For 709 reviews, this critic has graded:
  • 27% higher than the average critic
  • 4% same as the average critic
  • 69% lower than the average critic
On average, this critic grades 15.3 points lower than other critics. (0-100 point scale)

Nick Schager's Scores

  • Movies
  • TV
Average review score: 46
Highest review score: 100 Brooklyn
Lowest review score: 0 I Send You This Place
Score distribution:
709 movie reviews
    • 77 Metascore
    • 80 Nick Schager
    The film proves a piercing character study whose narrow view frustrates complete empathy.
    • 56 Metascore
    • 80 Nick Schager
    Canny and funny in equal measure, it’s a film that embraces technology — just like it does its protagonist — on its own perfectly imperfect terms.
    • 81 Metascore
    • 80 Nick Schager
    Wiseman's generally static camera spends prolonged periods of time in the classroom, at student gatherings, and in the halls of educational power, training a multifaceted gaze on opinions regarding an economic shift affecting faculty salaries, subsidized programs, student tuition, and the university's fundamental "public" character.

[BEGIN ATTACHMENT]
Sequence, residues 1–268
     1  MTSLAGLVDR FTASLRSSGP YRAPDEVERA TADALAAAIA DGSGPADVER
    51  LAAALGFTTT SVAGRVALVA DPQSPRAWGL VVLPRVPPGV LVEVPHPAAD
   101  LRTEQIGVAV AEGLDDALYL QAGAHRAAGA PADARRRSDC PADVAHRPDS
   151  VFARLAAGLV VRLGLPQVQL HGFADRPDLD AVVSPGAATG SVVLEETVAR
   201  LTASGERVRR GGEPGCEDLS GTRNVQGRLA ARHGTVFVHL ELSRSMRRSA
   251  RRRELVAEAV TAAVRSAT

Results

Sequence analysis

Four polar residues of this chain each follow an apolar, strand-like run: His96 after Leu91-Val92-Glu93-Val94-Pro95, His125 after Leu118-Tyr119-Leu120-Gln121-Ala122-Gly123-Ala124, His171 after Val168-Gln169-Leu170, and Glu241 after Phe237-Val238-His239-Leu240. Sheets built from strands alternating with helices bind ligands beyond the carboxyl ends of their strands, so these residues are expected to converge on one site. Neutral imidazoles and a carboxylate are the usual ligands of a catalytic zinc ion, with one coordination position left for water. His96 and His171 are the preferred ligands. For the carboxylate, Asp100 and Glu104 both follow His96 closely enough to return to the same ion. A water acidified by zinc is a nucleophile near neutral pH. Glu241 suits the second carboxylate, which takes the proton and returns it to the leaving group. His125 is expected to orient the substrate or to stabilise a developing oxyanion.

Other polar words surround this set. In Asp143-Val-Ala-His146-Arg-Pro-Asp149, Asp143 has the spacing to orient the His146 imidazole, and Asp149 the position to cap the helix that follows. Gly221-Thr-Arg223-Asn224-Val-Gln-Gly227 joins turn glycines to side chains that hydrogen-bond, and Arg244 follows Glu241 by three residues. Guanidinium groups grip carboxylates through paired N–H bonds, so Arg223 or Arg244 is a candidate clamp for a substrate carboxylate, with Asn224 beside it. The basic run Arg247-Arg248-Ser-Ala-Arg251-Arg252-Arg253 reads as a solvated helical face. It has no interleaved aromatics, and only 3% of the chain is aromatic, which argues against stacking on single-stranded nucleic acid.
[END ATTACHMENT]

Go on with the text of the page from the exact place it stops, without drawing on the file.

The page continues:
• 79 Metascore
    • 80 Nick Schager
    Alternating between time periods and geographic locations, all of it connected by McElwee's narrated thoughts, the film proves a bracing and sometimes uncomfortable peek into private fears and regrets about mortality and missed opportunities. It's also, in its portrait of wayward Adrian, further proof that there's nothing more difficult, frustrating, messy, and insufferable than teenagerdom.
    • 78 Metascore
    • 80 Nick Schager
    Favoring long, unbroken takes that allow the rhythmic, full-bodied songs to breathe as they ebb and flow from beginning to end, Anderson’s aesthetics unobtrusively capture the magic of Greenwood and company’s global partnership
    • 68 Metascore
    • 80 Nick Schager
    Newcomer Russell, at once tough and vulnerable, canny and damaged, delivers a performance of nuanced naturalism that starkly conveys the sorrow and sacrifice that sometimes come with learning to achieve self-sufficiency.
    • 43 Metascore
    • 80 Nick Schager
    If Defa's aesthetics are mundane, his leads' performances are not, especially in the case of Audley, whose darting eyes and hushed, stuttering speech express confused longing with transfixing train-wreck magnetism.
    • 68 Metascore
    • 80 Nick Schager
    Writer-director Freida Lee Mock’s concise and potent chronicle uses a wealth of archival video and numerous new interviews with its subject to properly contextualize Hill’s testimony as a landmark moment in the fight for gender equality.